** Reports from social media are used.
How to use the study: print a copy of the study and bring it to your health teams to ensure drug risks and benefits are fully discussed and understood.
You can also:
Get connected! Join a mobile support group:
- group for people who take Azithromycin and have Clostridium Difficile Colitis
- group for people who take Azithromycin
- group for people who have Clostridium Difficile Colitis
Comments from related studies:
From this study (21 hours ago):
After taking Azithromycin for 4 days, i woke up on day 4 dizzy. It has gone down a bit but I'm still dizzy and balance off just a bit.
From this study (1 week ago):
I was recently diagnosed with pneumonia. Ive been sick for over a week but receiving treatment for 2 days. For a day and a half my right bottom jaw is sore to the touch. Like someone punched me. Mostly when I touch it but a little when I move it around.
From this study (1 week ago):
I have so many side effects that chronic fatigue seems simplistic. Almost every cell in my body has been damaged. I have seen over 20 doctors since my cascade of symptoms started (13years ago). They all play dumb, tell me my problem is not in their specialty, or offer me antidepressants. Yet when I look up actual research, I see that most of the pieces of the physiology of my syndrome have been known for years (some for decades).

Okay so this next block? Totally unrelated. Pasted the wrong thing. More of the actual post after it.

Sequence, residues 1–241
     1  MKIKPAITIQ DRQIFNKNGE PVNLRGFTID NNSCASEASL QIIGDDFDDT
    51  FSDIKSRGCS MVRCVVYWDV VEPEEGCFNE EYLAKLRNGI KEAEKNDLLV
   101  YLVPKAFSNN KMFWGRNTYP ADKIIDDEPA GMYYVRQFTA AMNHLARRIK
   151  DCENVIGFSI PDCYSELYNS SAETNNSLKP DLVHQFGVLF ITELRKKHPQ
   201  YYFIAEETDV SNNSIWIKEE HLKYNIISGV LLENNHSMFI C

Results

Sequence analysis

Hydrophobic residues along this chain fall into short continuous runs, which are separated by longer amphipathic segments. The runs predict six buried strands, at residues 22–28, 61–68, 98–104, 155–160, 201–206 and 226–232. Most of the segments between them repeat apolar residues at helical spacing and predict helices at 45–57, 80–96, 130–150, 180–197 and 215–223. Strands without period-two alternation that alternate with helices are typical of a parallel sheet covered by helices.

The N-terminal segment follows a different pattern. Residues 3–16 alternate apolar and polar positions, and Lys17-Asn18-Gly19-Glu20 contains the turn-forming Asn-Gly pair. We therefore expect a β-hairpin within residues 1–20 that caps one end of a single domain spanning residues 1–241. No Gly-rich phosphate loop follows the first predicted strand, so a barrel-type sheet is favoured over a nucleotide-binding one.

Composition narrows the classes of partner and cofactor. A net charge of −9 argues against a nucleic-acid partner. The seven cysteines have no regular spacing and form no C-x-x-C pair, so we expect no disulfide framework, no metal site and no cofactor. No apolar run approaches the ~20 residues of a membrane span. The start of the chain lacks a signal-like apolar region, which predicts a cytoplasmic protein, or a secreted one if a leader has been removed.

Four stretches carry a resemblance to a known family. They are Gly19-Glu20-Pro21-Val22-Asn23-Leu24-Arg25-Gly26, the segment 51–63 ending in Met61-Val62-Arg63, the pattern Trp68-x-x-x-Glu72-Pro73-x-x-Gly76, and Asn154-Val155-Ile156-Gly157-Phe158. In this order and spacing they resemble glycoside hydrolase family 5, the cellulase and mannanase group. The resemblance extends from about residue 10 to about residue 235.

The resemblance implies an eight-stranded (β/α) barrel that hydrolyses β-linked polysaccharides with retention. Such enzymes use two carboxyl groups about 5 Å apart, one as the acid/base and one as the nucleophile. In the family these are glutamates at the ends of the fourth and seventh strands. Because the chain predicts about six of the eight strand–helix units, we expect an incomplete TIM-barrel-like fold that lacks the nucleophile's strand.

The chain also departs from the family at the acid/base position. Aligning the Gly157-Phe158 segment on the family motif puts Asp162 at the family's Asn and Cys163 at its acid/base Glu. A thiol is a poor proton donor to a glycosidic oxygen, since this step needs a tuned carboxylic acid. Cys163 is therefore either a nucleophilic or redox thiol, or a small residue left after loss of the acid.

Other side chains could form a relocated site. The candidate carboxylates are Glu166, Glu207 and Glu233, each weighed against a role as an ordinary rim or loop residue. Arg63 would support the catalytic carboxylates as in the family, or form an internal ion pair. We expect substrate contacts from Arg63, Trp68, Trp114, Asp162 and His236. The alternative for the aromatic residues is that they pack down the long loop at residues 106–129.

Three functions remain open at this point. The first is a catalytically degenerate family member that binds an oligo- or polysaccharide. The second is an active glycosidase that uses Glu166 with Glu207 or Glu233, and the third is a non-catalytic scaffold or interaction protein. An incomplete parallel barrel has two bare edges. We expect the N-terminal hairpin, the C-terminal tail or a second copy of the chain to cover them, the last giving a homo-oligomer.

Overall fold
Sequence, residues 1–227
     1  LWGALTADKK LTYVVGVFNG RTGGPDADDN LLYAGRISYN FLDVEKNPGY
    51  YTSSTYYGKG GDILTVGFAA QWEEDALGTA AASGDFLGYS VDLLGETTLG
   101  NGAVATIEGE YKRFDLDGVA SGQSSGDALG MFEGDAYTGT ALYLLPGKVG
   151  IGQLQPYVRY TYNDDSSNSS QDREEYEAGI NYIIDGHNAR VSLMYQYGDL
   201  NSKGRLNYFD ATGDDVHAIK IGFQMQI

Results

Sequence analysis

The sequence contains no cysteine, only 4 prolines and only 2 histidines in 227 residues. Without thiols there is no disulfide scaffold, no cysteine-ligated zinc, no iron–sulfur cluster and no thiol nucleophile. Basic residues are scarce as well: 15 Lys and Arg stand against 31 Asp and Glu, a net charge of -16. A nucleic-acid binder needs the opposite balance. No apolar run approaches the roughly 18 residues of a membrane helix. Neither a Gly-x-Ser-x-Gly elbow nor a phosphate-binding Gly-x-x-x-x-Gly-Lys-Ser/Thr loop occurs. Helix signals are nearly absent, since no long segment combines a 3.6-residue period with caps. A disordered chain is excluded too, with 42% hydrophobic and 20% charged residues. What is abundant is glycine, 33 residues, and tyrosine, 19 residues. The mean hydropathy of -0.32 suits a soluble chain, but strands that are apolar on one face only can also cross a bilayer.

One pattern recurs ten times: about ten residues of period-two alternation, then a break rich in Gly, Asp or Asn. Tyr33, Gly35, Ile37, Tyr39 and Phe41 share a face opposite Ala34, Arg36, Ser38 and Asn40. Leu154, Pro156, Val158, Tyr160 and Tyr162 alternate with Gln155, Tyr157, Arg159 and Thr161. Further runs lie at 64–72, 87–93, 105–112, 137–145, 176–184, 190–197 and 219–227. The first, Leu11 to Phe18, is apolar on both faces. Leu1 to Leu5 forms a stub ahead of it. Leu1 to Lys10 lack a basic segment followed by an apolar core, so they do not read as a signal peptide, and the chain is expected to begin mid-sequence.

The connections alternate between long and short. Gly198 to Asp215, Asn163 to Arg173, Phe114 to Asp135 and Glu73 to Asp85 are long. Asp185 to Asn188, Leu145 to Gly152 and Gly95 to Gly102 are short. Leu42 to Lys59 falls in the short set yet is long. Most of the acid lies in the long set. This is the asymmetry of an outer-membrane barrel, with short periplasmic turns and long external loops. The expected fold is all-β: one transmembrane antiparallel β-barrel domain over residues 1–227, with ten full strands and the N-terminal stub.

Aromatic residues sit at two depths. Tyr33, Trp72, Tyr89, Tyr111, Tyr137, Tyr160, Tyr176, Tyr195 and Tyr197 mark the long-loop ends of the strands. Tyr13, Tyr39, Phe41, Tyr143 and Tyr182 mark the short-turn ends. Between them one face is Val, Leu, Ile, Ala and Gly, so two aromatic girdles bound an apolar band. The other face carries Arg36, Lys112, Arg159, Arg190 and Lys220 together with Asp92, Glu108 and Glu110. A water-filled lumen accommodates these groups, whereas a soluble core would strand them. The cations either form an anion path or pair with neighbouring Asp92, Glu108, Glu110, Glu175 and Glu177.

I also note that on this web site, there is no way to report a high number of side effects or simplify them as mitochondrial damage.
I believe it is the intent of this web site, the AMA, drug companies, and most doctors to deliberately avoid "knowing" about the holocaust of poisoning that is occurring in the name of heath care.
The logarithmical explosion of cancer, obesity, depression, allergies, auto-immune diseases, "rare genetic diseases," and diabetes (to name just a few) matches exactly the explosion of pharmaceutical consumption.
It would be appropriate to apply the scientific method instead of the profit motive to further human health.
Hope22 on Jul, 9, 2014:
Is doxycyclin among these drugs that have been given a black box warning for anyone with mitochondrial disease?
noscreenname on Jun, 23, 2014: